For example, say an operator installs a disposer to cut down on food waste sent to landfills. But instead of going into the main water line, the waste goes into a septic channel because the city or municipality is not set up for that. “Then you have special accommodations you have to make for those lines to run, or a remote holding station and pump and now it’s costing a lot more money and resources and has to be serviced way more,” says King. Not to mention in most cases, septic fees run much higher than even regular water use charges. In that case, composting the food waste or using a pulper and dehydrator might have been the better, “greener” route.
Here’s another example. An operator purchases all LED bulbs thinking that’s the greenest option. “But LED bulbs do not do well in hot and humid conditions, such as on a serving line or near cooking stations,” King says. “They can lose vacuum seal and burn out much quicker.”
In some cases, misuse of application can stem from a false loyalty. “There might be a belief that I’ve been using this product for years and I trust the manufacturer,” says King. “But if the consultant or operator doesn’t ask these questions about application and what’s right for them in their area, they can lose those efficiency savings.”
Despite regulations and a general reduction in greenwashing lingo, the question about what’s biodegradable and what’s compostable still causes confusion amongst many foodservice operators, says Jamie Moore, director of sourcing and sustainability for Eat’N Park Hospitality Group, a restaurant and institutional dining operator.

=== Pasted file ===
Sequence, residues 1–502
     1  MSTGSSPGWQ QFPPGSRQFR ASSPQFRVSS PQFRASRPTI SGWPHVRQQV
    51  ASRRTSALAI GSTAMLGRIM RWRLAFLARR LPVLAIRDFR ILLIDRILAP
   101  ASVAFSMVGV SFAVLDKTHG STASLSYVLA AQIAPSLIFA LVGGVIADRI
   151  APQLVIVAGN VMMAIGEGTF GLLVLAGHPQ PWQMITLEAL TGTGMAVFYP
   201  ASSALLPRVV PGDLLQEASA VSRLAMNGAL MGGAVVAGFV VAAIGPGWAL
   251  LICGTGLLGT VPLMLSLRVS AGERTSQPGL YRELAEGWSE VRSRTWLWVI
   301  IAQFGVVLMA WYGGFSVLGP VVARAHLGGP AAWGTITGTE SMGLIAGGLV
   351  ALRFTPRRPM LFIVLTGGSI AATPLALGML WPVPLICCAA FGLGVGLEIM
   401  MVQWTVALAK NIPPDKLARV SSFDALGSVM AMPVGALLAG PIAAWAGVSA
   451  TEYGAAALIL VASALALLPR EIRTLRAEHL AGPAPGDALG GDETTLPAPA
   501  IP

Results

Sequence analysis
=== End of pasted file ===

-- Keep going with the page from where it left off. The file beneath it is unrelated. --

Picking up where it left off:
“Biodegradable and compostable are not interchangeable. I might be able to put biodegradable cutlery in the trash and it should be able to degrade over time, but if it’s at the bottom of the landfill, it won’t get the oxygen it needs to decompose,” he says. “Eat’N Park uses picture-based signage, separate bins and other means to educate diners how to dispose of compostable versus recyclable and biodegradable materials properly.
Andrew Shakman, CEO of LeanPath and an industry expert on food waste, compares the biodegradable versus compostable situation to a Venn diagram. “All compostable products are biodegradable, but not all biodegradables are compostable,” he says.
PLAs — products made from polylactic acid derived from renewable resources such as corn, tapioca and other plant starches — could be considered biodegradable with time, but not all PLA products are compostable, Shakman says. The degraded product might not be suitable as a soil amendment, and could leach toxins in the end compost product due to the small amounts of plastic resin or coating they can still contain.
The Federal Trade Commission has even stepped up to regulate the use of the term biodegradable amidst its overuse during the heavy greenwashing era when sustainability became a hot topic several years ago.
According to the FTC, only products containing materials that “break down and decompose into elements found in nature within a reasonably short amount of time when they are exposed to air, moisture and bacteria or other organisms,” should be termed as such. Though the FTC does not numerically define that timeline, the American Society for Testing and Materials does with ASTM D-6400 -04 (Standard Specification for Compostable Plastics), which defines compostable product as biodegrading within 180 days. Some municipalities have stricter regulations for when a product must turn into compost, up to 60 days in Seattle, according to Shakman.